For you, the dress code is casual.

Friday, October 12, 2007

From Flighty to Deep in 60 Seconds or Less

Writing is organic. It's about starting with something and ending in a completely other place. Sure, you can plot your way through and stick to the gameplan, but there are times when just starting anywhere can take you pretty mind-boggling places. This is an example of that. I had no idea this was going where it went, and now with tear-stained cheeks coupled with a sadly strange little smile, I feel I've lifted a pretty heady load. If you're into writing, don't be afraid to go where it takes you. Anyhow. This gets intense, so if you're looking for sunshine and bubblegum, maybe you're better off heading down Sesame Street way, 'cos this ain't for you.

Yay, me. In case you missed that, YAY, ME!

I dunno. Just liking life tonight. This is good. The return to the old job is good now that I've cleared the stupid corporate-dream notions from my head that had fucked so much with my well-being. I was watching a show last night in which one of the protagonists commented something to the effect of, "It seems the older I get, the more I realize that everything I want is everything I had."

So, like, yeah. I'm there. Not entirely true, of course, because who I was isn't who I want to be anymore, not really. Some aspects of who I was have been sorely missed -- the days spent wandering record shops, hiking on the North Shore, stuff like that -- but the life I'm after is akin to the life I had, but with a whole new outlook, I guess.

I'm working hard -- HARD -- on my outlook. My old boss was a great lady, really top-notch as far as integrity and all that, but she was negative and seemed very unhappy about life (not all the time, though) and I guess I spent much of the summer really looking at that and looking at what I was becoming, and just realizing how wrong I was feeling about everything as a whole.

The hardest part about that, though, was that my old boss reminded me much of my mother towards the end of her life, how unhappy she had become, how bitter she grew and how angry she was at all the misfortune that seemed to come hurtling towards her. There's a big part of me that believes somehow that she attracted the cancer to her, and to this day that breaks my heart more than I'd ever care to admit. Being at that job kind of made me think far too much of such things, and far too often. Not good.

Being this happy tonight, for no apparent reason other than just being glad that I've spun my life into a far better direction, also fills me with a sadness that my mom had nothing of the kind in the year or two before her death.

Wow. Something pretty intense just washed over me. I just remembered the look in her eye on the Wednesday morning before I checked her into the hospital (which was Friday, so 16 days before she died). She was rendered very much incapacitated, which we would learn was because the tumours had grown so large, so fast they were crushing her organs and pressing on her spine (in a matter of weeks, too) so she was lying there on the sofa, and I was with a day off, so I sat on the floor next to her.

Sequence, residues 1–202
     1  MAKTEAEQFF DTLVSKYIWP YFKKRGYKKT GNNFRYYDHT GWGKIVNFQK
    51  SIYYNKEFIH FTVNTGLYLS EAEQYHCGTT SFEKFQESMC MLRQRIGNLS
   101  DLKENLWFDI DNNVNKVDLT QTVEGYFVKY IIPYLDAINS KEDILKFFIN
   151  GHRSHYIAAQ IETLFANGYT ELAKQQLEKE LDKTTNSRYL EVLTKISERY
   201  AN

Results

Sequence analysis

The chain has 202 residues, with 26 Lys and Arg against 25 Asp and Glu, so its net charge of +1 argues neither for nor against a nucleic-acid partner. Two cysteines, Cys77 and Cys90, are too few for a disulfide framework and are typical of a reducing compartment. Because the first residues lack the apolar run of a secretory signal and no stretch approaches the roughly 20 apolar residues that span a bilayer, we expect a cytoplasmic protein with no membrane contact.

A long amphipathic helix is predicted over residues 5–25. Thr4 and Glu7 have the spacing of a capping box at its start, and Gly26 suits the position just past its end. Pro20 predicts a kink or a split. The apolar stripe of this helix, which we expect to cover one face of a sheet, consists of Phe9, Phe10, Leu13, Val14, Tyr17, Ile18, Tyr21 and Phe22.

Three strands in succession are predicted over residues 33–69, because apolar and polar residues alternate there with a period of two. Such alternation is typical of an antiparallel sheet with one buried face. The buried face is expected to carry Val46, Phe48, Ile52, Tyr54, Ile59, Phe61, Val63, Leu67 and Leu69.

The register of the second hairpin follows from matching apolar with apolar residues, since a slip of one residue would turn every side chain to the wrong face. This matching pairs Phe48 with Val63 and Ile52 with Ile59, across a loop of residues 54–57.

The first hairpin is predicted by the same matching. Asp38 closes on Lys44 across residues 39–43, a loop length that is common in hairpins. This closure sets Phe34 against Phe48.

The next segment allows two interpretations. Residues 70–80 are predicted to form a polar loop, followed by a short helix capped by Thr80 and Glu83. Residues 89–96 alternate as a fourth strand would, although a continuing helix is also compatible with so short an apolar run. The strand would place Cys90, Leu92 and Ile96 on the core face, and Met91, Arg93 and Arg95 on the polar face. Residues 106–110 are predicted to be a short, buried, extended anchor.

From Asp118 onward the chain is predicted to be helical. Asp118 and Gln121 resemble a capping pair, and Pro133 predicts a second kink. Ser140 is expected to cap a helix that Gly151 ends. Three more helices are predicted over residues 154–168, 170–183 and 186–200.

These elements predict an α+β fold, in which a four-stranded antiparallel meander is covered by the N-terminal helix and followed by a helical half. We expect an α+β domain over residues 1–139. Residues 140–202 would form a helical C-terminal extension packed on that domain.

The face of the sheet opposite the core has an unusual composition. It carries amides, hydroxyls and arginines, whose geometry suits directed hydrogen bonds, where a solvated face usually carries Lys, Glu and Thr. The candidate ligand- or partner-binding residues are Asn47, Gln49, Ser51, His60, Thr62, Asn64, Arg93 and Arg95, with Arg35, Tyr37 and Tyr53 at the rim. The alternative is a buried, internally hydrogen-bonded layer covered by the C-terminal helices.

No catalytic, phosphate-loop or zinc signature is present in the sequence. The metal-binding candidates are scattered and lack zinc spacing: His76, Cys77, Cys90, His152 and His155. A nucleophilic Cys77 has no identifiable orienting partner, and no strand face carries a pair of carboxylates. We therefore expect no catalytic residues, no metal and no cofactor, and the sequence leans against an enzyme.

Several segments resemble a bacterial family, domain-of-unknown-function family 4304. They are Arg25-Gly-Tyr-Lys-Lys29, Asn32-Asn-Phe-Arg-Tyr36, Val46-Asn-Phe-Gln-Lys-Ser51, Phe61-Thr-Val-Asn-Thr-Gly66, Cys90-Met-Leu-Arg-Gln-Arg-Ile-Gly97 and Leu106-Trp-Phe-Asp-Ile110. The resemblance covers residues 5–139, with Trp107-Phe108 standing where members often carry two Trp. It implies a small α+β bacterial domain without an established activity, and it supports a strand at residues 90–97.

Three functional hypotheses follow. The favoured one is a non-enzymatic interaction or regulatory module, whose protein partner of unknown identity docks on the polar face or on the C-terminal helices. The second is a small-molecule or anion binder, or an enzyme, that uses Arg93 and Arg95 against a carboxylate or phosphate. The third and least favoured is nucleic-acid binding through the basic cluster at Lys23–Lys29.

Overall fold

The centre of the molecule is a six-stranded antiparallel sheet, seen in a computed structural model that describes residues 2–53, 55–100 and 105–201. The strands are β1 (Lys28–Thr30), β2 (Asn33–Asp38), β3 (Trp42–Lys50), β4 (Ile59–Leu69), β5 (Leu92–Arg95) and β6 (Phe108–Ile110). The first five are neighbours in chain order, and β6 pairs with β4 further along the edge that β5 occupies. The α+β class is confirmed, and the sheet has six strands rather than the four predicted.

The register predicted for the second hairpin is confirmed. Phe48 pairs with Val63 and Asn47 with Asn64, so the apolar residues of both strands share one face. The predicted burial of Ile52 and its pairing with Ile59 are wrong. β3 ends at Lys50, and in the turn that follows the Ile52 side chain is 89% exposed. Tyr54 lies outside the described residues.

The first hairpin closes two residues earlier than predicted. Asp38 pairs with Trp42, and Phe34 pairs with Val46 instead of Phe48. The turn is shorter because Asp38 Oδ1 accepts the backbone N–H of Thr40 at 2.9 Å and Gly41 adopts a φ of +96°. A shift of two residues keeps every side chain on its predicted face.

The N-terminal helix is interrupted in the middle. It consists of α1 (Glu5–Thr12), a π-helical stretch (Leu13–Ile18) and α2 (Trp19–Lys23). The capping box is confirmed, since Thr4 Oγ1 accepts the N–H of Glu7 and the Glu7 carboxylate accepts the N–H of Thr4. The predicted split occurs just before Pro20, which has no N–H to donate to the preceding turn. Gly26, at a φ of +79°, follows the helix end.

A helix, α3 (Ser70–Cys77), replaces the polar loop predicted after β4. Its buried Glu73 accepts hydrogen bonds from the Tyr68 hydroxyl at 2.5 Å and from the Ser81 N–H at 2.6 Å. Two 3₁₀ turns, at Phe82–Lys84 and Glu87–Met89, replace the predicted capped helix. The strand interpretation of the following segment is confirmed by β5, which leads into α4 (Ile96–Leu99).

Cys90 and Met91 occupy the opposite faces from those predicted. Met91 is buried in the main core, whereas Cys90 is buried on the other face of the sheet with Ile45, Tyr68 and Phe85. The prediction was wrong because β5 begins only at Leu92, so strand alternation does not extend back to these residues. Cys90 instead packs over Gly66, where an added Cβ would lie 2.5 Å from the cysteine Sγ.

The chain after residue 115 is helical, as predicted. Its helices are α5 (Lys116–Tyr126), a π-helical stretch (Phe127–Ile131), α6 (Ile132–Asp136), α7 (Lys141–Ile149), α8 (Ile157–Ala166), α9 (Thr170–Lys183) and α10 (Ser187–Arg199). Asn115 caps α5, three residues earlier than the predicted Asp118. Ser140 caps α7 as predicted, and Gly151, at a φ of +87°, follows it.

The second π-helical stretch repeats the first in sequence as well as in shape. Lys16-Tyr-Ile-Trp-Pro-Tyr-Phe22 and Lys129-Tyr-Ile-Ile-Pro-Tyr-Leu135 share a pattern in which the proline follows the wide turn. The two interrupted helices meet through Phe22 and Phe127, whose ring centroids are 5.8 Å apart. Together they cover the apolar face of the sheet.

She was holding on to life so hard but I could see it in her eyes that something in her wanted to stop the fight. I looked at her and told her that if she needed to go, I would be strong enough to carry on, and that I'd rather she did what was best for her than worrying what was best for me, because hanging on for me and looking like she did then... well, that would be doing both of us some pretty horrific harm. I told her I'd look out for the family, and I'd keep her memory alive with my nephew, and that if he ever needed anyone, I'd be there for him. Let go, I told her. She squeezed my hand, then kissed it, said nothing, then we spoke of other things.

The spiral downwards after that was incredible. She bottomed out 24 hours later, and I was required to call her doctor at home to tell him that she couldn't keep fluids down and other bad things were happening. He told me she had to go to the hospital. That night, at about 9:00, was the last time she was ever at home.

The EMT guys hauled her out on a stretcher and told me she'd be fine, which was them blowing smoke out their asses as she looked far better than she really was. She told me she'd be fine, too, and that I should stay at home. I tried that, but at about 1:00am was overcome and hopped in my car, rushed off to emergency, and sat with her for the night. She brightened up so much when I walked into the sick bay at emergency and sat beside her.